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Google's experimental wireless service will work with tablets too

Google gives folks enrolled in its Project Fi service the option to add cellular-enabled tablets at no additional charge.

Google's cheap, alternative wireless service, called Project Fi, is taking another step to shake up the mobile industry.

Google won't charge Project Fi subscribers a fee to add tablets to their plan.

Josh Miller/CNET

Google on Wednesday will let Project Fi subscribers with cellular-enabled tablets such as the Nexus 7 and iPad Air 2 hop on its service. All they need is a SIM card, or the tiny piece of plastic that lets your device connect to cellular networks, the company said in a blog post on Tuesday.

Project Fi delivers wireless service via a combination of cellular coverage from T-Mobile and Sprint and local Wi-Fi networks. The addition of tablet support is a sign of Google's growing ambitions in the wireless business and reflects its push for change in the industry. The Mountain View, California, company has also been experimenting with features like a seamless handoff between a cellular and Wi-Fi networks.

The move also means more choices for customers as Google expands the service to additional devices, including ones made by rival Apple. Project Fi offers consumers who want broader coverage for their tablets -- say, away from home or a coffee shop with a Wi-Fi hotspot -- a cheaper alternative to traditional cellular wireless plans. Those plans often charge customers an extra fee just for the privilege of connecting a tablet.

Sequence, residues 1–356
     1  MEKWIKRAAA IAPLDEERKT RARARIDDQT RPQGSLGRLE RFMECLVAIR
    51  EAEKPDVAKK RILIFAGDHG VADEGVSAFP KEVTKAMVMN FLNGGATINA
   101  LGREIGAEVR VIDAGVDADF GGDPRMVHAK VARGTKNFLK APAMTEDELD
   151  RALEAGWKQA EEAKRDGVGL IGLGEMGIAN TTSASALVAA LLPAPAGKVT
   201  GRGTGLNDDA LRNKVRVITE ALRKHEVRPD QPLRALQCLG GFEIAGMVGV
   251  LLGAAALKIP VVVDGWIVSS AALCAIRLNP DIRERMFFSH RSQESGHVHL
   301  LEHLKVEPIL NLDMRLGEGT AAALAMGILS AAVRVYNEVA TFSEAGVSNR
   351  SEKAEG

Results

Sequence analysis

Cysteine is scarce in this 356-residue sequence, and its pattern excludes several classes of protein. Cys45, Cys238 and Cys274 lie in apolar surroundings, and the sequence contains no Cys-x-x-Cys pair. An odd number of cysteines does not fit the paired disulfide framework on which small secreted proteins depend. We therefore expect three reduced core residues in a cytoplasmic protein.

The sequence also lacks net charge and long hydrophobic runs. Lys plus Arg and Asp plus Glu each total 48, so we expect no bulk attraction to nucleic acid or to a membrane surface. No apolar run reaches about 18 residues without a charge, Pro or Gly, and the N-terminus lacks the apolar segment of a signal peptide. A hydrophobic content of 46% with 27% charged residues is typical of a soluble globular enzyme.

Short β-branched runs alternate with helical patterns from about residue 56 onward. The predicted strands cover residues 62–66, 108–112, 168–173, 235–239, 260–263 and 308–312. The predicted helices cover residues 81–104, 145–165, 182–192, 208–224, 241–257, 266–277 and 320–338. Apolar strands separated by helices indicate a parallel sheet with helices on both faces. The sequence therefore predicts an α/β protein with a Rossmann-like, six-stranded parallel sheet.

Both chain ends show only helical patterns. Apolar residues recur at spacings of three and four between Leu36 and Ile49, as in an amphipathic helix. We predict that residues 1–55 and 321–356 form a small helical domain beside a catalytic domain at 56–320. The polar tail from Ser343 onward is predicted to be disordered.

"As the number and variety of connected devices continues to grow, so should the number of wireless options," Laura Holmes, the senior product manager for Project Fi, said in a blog post Tuesday. "We'll continue to experiment with creative ways to make accessing wireless from your connected device as easy as connecting with your phone."

Google won't charge Project Fi subscribers a fee to add tablets to their plan. All customers have to do is order an additional data-only SIM and put it in their device. Customers then pay $10 per gigabyte of data used each month. As with phones on Project Fi, it will be able to connect to T-Mobile when not near a Wi-Fi network. But unlike the phone version, the tablet won't be able to access the voice network.

Customers with AT&T or Verizon plans typically pay $10 just to add their tablet to an existing family data plan, which could cost $100 or more depending on the amount of available data and number of users.

The data-only SIM card for Project Fi will work on five tablets to start, the Nexus 7, Nexus 9, iPad Air 2, iPad Mini 4 and Galaxy Tab S. The tablets have to already work with a cellular network, and must contain a slot for a cellular SIM card. Apple's iPads and the Samsung Galaxy Tab S are the first non-Google devices to be able to use the service, with Google previously restricting it to its Nexus phones.

There are other limitations. Tablets that use the data-only SIM card cannot be used as a mobile hotspot for other devices. These SIM cards are only available to Project Fi subscribers, who also subscribe to the $20-a-month voice and text service. Google is allowing customers to connect up to nine devices with a data-only SIM to a single account.